“Pioneer Mountain-Eddyville is an immense project with an impact to the environment in forms of streams, riparian areas and fish and wildlife,” said Jerry Wolcott, ODOT project leader.

“When we are done, we will have totally mitigated 5.5 acres of inundated habitat and 23 acres of riparian. We will create new channels and enhance stream channels of 14,000 linear feet and then set aside 84 acres of riparian — including the creation of 23 acres, as well as purchasing property and setting it aside so it can't be developed.

We're also purchasing 52 acres of prime headwaters and riparian of the Yaquina River and transferring that to the U.S. Forest Service so it can't be developed. We've already completed quite a bit, including removing culverts blocking fish passage, creating wetlands, installing large woody debris. But as part of the conditions of the permit we have to monitor some of these areas for 10 years.”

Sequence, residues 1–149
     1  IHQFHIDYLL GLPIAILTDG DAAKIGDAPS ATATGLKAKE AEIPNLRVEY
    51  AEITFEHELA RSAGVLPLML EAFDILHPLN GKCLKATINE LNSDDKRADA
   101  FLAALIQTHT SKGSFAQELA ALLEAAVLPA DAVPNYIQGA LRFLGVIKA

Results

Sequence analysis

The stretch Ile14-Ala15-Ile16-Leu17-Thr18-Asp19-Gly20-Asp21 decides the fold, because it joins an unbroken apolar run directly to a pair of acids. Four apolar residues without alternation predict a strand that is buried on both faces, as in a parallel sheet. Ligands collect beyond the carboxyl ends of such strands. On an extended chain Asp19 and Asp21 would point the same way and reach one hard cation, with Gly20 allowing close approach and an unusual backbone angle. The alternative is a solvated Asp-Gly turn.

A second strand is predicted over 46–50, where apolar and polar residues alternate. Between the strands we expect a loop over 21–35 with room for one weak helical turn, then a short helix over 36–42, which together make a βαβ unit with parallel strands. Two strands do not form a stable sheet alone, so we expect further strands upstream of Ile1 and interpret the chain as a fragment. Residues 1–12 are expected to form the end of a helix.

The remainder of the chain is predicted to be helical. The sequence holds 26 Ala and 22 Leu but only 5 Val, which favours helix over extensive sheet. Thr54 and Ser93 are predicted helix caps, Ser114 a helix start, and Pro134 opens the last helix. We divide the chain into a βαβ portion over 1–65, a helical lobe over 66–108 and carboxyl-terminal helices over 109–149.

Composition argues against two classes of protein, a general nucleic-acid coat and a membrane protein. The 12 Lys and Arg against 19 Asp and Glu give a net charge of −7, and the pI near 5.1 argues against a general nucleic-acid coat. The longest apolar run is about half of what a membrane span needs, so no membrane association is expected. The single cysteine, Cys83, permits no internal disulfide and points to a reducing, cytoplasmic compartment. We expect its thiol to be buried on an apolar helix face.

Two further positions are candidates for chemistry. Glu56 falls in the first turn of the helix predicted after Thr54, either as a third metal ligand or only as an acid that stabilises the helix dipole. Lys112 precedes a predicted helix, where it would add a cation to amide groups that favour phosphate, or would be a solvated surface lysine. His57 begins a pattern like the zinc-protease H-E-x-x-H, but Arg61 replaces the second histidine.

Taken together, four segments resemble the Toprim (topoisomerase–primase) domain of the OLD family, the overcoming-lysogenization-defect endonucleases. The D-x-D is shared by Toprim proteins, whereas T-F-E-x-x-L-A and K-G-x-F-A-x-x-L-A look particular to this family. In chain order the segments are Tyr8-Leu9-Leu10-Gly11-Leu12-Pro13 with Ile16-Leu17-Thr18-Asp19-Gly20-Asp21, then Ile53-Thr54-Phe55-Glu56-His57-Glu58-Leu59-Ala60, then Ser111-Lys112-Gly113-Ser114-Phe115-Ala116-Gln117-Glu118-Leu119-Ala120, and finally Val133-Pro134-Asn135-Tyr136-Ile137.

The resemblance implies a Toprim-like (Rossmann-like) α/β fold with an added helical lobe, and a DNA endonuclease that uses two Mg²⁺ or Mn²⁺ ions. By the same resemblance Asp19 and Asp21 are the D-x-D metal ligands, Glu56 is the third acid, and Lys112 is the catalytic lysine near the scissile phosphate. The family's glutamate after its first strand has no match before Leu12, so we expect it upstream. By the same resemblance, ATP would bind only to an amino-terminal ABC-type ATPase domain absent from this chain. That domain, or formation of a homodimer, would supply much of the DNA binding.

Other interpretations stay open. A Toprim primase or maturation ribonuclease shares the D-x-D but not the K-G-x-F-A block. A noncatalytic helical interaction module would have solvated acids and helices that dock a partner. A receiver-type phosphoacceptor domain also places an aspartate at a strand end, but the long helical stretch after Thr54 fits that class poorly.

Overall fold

The project to straighten U.S. Highway 20 has been ongoing since 2004 and plagued with all sorts of problems, including ancient landmines that, unknown to ODOT, were still moving. Six years ago, engineers discovered newly built bridges were out of plumb, and the decision was made to blast the bridges and begin anew.

The new segment of the highway is expected to open in the fall. Meanwhile, work to mitigate the environmental impacts is ongoing. While it is one large body of work, Wolcott has broken it into phases to make it less unwieldly, though there remain plenty of challenges.